Gary Gutting (1942-2019) (updated)
Gary Gutting, emeritus professor of philosophy at the University of Notre Dame, died this past Friday.
Professor Gutting worked on philosophy of religion, philosophy of science, contemporary French philosophy, and contemporary analytic philosophy.
He was well-known for his substantial work in public philosophy, authoring several columns and conducting a number of interviews with philosophers for The Stone feature in The New York Times. Also, he was the creator and a long-time co-editor of Notre Dame Philosophical Reviews (NDPR).
Professor Gutting received his PhD in philosophy in 1968 from St. Louis University, where he had earned a B.A. just four years before. After a year on a Fulbright Fellowship spent at the University of Louvain, he started as an assistant professor at Notre Dame.
Among other things, Professor Gutting was interested in showing what different kinds of philosophers—for example, theists and atheists, analytic and continental philosophers—could learn from one another. He wrote that he found it encouraging that there were signs of “philosophers following philosophical problems wherever they are interestingly discussed, regardless of the author’s methodology, orientation or style.”
In a column for The Stone, “Why Do I Teach?“, he wrote that a central aim of college education, particularly in the humanities, is to “make students vividly aware of new possibilities for intellectual and aesthetic fulfillment—pleasure, to give its proper name” and that “we should judge teaching not by the amount of knowledge it passes on, but by the enduring excitement it generates. Knowledge, when it comes, is a later arrival, flaring up, when the time is right, from the sparks good teachers have implanted in their students’ souls.”
Professor Gutting was once asked about the role of philosophy in a world in crisis. He answered:
I learned long ago from Candide that both optimism and pessimism are just ways of avoiding the work of improving the world. For optimism, improvement is unnecessary, for pessimism it’s impossible. But it always makes sense to do what we can to make things better in our immediate locale, where we have some reasonable chance of alleviating what Voltaire rightly saw as the three great evils of vice, poverty, and boredom. It might seem that philosophy would have little relevance to such immediate and mundane concerns, and it’s true that theory, high or deep, won’t tell us how to work in our gardens. But effective action requires accurate thought, and in our culture at least, the basic ideas we need for thinking trickle down from philosophy, as do the methods of thinking well.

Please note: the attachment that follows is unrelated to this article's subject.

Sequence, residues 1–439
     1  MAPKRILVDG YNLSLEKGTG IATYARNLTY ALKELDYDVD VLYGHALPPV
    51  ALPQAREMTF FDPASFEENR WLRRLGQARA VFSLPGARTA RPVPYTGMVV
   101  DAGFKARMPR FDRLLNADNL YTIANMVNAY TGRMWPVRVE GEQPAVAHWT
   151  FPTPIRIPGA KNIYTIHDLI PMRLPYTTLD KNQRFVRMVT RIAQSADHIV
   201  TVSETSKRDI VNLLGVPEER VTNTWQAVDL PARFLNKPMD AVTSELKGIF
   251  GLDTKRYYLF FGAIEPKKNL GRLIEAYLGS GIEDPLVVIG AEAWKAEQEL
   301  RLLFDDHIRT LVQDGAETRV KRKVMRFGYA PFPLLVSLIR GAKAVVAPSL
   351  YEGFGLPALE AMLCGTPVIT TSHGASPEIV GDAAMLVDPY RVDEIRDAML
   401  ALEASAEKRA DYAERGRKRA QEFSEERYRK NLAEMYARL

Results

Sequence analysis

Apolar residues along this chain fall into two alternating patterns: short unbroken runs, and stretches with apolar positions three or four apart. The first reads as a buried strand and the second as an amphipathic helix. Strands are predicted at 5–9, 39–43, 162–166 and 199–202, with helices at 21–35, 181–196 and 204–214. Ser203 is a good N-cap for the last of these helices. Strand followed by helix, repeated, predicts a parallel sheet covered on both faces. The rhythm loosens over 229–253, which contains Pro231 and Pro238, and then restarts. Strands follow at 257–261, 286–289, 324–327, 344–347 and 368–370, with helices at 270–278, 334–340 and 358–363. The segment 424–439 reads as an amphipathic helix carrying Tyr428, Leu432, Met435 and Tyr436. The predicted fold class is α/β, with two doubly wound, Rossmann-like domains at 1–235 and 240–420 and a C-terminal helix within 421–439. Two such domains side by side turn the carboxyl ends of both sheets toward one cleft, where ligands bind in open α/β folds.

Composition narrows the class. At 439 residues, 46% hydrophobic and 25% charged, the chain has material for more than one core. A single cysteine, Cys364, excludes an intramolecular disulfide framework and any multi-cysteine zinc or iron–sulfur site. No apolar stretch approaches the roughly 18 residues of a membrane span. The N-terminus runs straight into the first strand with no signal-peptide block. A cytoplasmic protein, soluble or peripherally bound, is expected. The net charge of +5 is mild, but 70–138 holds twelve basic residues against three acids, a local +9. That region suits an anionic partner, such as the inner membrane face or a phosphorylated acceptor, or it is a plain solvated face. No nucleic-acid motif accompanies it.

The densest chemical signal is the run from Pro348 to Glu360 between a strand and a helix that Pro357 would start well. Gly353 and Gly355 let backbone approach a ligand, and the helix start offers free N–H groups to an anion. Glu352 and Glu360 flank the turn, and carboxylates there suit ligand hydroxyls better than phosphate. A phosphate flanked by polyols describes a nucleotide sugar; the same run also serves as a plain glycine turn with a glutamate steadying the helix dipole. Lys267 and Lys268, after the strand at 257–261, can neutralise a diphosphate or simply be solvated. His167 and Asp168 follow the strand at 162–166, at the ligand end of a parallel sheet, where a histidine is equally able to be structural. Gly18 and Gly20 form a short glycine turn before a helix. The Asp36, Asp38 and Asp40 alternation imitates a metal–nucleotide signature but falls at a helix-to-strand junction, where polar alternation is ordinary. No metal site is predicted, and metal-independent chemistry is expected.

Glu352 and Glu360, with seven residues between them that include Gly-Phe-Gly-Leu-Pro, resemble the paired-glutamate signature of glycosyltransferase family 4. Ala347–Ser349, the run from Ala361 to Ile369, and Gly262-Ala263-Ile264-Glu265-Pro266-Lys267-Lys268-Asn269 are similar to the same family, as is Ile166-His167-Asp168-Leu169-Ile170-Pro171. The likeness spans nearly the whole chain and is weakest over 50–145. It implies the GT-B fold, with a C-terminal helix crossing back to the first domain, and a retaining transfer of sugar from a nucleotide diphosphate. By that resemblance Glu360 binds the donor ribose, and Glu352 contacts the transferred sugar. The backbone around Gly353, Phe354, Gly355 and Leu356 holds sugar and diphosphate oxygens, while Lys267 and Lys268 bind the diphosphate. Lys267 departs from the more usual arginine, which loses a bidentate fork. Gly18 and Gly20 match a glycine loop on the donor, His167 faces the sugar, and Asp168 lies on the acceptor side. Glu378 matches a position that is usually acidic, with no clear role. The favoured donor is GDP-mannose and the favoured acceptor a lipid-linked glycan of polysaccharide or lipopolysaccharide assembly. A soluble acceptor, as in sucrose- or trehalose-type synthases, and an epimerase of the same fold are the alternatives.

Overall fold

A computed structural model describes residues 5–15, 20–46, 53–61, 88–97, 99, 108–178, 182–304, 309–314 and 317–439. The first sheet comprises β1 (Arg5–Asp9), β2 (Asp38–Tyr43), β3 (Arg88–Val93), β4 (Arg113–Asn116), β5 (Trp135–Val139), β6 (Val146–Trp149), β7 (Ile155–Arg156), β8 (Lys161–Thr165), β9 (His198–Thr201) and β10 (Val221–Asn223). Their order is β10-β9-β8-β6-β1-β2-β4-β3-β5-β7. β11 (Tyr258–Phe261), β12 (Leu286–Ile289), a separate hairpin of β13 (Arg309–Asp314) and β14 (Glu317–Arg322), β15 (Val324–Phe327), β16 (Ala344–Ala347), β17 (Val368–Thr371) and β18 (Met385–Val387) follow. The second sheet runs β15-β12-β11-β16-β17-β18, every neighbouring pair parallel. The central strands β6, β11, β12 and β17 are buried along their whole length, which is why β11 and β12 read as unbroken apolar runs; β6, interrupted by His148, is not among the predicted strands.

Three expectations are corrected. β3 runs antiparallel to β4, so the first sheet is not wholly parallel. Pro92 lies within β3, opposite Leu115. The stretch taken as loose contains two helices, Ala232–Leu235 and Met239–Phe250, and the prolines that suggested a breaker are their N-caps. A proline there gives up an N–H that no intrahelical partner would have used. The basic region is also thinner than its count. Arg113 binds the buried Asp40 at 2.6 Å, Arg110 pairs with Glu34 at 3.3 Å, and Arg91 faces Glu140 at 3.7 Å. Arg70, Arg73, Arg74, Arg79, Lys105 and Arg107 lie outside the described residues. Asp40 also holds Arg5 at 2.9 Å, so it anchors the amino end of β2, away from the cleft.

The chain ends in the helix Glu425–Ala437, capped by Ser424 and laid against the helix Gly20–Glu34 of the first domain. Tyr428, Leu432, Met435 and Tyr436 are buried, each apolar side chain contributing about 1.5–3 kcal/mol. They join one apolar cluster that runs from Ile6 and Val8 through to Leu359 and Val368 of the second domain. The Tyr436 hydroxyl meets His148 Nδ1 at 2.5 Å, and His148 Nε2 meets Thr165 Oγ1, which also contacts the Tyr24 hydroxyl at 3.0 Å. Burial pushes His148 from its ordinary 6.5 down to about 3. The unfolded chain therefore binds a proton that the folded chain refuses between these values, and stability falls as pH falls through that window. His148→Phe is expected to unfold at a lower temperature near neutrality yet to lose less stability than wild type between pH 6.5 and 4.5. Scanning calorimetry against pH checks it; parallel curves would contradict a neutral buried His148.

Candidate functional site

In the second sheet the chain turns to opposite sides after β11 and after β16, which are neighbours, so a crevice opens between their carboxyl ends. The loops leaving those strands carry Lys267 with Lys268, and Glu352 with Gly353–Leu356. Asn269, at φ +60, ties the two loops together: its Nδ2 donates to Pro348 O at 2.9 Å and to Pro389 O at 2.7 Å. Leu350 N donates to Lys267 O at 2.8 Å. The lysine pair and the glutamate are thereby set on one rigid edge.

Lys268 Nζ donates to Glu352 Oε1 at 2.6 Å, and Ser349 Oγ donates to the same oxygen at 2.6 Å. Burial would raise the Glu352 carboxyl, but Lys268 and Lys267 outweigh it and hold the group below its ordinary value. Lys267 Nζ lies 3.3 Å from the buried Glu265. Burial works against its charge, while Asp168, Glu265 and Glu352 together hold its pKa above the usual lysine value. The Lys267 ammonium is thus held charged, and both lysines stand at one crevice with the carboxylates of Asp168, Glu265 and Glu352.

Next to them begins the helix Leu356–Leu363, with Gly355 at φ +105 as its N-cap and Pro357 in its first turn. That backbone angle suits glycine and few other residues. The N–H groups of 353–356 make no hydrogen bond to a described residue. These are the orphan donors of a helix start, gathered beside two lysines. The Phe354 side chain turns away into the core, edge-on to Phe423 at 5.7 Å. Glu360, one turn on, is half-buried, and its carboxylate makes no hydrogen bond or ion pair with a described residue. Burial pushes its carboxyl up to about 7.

You can read a detailed interview with Professor Gutting here, view his writings for The New York Times here, and browse a listing of his philosophical work here.
(via Peter Catapano)
[This post will be updated with links to other memorial notices as they appear. If you see any, feel free to share them in the comments or email them to me.]
Memorial notices and remembrances elsewhere:
- “Remembering Gary Gutting: An Exemplary Teacher, In & Out of the Classroom” by John Schwenkler at Commonweal.
- “In Memoriam: What Would Gary Gutting Do?” by Peter Catapano in The New York Times
- “In Memoriam: Gary Gutting” by Paul Weithman at the Notre Dame Department of Philosophy site.